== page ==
Plaintiff awarded $2 million in East Lawn Funeral Home lawsuit

Matthew Lane • Updated Feb 12, 2018 at 11:39 AM

GREENEVILLE — A jury has awarded $2 million to a Chattanooga woman who claimed she was sexually harassed by a coworker while working at East Lawn Funeral Home in Kingsport.

Andrea Herring filed the lawsuit in U.S. District Court in Greeneville in August 2015 naming SCI Tennessee Funeral Services as the defendant. SCI does business as East Lawn Memorial Park and East Lawn Funeral Home.

During her time at East Lawn (November 2009 to November 2013), Herring worked at the Kingsport location as a family service counselor. She claimed in the lawsuit that she was a victim of sexual harassment by coworker Tim Stinnett and retaliation from her supervisors.

In its response, SCI denied all of Herring’s allegations.

Following a three-day trial at the end of January, a jury found in Herring’s favor, awarding her $200,000 in compensatory damages, $100,000 in lost wages and $1,750,000 in punitive damages, all for a grand total of $2,050,000.

“We were thrilled with the jury verdict,” said Donna Mikel, an attorney for Herring, “It demonstrated to us the jury was committed to the notion of making a difference for future employees. It’s clear the jury wanted to deter SCI from engaging in this type of conduct in the future.”

According to the lawsuit, Herring claimed Stinnet made inappropriate, gender-based comments to her during her time at East Lawn, invaded her privacy and touched her in an offensive manner.

Herring said she made it clear this behavior was unwelcome.

Other claims made by Herring in the lawsuit:

- When she bent down, Stinnet came up behind her and rubbed his shoe against her buttocks.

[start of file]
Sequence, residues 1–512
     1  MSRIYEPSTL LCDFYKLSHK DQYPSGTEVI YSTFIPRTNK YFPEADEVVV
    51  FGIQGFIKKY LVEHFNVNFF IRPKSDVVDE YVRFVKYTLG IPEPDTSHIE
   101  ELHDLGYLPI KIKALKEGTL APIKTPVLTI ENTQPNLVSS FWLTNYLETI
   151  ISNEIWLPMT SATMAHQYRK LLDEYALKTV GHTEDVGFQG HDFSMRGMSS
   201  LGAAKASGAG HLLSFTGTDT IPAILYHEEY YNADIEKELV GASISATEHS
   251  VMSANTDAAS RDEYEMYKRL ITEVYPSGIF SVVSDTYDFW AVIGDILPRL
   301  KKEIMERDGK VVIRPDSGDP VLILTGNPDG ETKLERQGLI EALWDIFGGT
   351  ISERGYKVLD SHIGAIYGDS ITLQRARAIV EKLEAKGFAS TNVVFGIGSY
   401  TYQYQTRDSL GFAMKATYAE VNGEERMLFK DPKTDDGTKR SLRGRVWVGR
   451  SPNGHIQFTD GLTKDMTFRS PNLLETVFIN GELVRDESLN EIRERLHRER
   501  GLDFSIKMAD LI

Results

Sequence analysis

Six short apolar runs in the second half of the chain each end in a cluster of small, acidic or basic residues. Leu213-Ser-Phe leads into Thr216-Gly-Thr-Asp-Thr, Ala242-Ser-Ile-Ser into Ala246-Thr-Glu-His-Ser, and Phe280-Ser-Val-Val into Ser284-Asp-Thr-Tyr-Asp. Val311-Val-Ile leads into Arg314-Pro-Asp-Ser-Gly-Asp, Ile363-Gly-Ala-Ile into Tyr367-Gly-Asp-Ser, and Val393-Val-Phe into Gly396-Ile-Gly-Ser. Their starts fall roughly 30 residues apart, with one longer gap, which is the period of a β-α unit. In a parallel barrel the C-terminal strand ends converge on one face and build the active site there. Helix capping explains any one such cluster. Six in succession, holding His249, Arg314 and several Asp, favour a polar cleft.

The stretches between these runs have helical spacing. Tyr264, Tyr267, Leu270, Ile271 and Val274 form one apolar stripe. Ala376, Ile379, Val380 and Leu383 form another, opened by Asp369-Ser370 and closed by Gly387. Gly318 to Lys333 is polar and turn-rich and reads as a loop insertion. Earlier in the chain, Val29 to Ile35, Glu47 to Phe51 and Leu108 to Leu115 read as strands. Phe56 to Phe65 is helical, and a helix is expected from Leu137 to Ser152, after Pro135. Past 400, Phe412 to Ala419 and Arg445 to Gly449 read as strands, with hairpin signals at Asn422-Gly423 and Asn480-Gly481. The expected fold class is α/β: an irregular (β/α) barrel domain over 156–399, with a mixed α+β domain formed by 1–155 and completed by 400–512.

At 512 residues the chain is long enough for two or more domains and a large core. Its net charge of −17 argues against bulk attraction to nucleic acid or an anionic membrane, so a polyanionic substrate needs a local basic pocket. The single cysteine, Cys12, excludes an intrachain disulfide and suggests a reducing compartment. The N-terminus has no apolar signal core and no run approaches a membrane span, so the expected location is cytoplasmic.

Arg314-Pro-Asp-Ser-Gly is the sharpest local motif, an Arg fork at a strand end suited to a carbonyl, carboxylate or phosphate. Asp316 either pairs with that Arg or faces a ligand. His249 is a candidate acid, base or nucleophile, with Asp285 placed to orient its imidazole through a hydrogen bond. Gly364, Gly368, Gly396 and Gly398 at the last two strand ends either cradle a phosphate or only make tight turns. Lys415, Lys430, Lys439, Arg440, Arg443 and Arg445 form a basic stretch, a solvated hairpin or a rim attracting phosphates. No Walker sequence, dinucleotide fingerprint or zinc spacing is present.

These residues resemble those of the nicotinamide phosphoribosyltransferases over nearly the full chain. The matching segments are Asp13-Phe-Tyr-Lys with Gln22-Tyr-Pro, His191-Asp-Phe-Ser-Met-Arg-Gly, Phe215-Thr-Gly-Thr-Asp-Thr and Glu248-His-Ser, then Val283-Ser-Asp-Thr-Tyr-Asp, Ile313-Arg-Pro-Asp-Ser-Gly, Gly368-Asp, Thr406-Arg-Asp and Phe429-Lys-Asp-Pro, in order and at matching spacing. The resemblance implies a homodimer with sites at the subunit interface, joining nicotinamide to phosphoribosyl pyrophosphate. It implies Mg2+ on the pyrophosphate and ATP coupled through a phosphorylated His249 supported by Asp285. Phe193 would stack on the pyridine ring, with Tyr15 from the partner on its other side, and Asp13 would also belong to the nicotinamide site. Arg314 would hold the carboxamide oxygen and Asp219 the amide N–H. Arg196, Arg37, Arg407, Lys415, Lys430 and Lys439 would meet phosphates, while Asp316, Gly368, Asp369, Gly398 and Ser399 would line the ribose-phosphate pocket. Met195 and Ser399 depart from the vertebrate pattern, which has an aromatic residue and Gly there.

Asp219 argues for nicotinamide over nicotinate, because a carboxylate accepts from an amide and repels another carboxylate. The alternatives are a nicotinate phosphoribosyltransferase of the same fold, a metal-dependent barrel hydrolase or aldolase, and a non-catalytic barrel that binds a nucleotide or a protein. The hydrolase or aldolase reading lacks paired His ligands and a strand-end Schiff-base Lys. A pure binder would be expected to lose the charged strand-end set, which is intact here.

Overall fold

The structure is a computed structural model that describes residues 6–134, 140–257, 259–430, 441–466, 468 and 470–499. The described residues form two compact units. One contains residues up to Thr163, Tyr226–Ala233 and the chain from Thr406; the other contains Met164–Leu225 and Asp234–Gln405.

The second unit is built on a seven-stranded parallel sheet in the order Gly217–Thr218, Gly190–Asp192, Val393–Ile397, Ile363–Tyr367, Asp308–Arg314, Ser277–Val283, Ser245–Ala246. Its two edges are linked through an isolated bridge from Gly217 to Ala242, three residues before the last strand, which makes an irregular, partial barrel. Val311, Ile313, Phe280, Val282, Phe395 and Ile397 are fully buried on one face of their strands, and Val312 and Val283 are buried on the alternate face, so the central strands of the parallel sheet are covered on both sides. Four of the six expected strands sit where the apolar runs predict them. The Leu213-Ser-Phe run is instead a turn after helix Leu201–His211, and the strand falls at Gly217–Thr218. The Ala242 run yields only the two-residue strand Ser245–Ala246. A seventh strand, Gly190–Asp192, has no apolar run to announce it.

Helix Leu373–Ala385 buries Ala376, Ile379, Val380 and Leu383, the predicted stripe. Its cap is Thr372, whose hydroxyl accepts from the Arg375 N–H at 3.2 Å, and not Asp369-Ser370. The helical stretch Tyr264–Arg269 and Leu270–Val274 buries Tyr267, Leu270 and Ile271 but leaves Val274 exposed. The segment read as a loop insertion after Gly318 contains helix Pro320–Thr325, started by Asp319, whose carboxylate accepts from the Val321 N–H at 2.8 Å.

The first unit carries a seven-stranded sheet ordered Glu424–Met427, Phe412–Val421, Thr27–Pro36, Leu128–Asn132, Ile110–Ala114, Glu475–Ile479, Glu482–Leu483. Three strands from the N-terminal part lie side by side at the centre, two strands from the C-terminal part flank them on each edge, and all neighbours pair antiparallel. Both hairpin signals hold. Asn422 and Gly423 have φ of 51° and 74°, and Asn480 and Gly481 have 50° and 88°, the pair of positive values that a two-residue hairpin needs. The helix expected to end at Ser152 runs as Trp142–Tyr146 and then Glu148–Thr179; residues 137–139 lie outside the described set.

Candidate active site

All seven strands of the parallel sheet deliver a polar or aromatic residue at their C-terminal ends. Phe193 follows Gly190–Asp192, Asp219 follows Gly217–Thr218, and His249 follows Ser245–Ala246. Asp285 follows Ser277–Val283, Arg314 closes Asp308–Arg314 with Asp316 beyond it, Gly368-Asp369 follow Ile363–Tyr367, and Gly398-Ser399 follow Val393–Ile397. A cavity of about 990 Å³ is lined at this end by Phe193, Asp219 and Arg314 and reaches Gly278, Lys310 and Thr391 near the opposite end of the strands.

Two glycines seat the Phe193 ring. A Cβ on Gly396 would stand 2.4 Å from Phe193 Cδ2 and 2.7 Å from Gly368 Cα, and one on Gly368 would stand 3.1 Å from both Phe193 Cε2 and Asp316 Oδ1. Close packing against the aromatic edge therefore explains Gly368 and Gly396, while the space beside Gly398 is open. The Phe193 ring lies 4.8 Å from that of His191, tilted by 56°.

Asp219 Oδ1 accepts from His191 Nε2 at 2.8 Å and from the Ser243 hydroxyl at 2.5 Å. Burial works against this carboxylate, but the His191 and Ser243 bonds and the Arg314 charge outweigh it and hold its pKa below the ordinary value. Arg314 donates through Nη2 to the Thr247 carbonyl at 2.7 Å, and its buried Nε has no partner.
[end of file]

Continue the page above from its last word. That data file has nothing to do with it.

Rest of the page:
- Stinnet showed her nude pictures on his phone, passed gas in her office and shut the door and made jokes that were sexual in nature.

Herring said she complained about Stinnet’s behavior to her immediate supervisor and general manager, but to no avail. After complaining, Herring said, she was treated differently and in a negative manner at work.

From there she complained to the district manager and the human resources department. At that point, Herring said, she was subjected to retaliation — not allowed to work from home, other employees gave her the “cold shoulder” and comments were made about her performance that were untrue.

Eventually, Herring filed a complaint with the EEOC in October 2013. Shortly thereafter, she was terminated from her position.

The timing of the verdict was relevant with the current #MeToo movement sweeping the nation, Mikel said.

“We feel like the verdict is a positive reflection of the status of that movement,” Mikel said. “I think everyone agrees that no one’s wife, daughter or themselves should be treated in a sexually offensive way at work. It should just be common sense and decency.”

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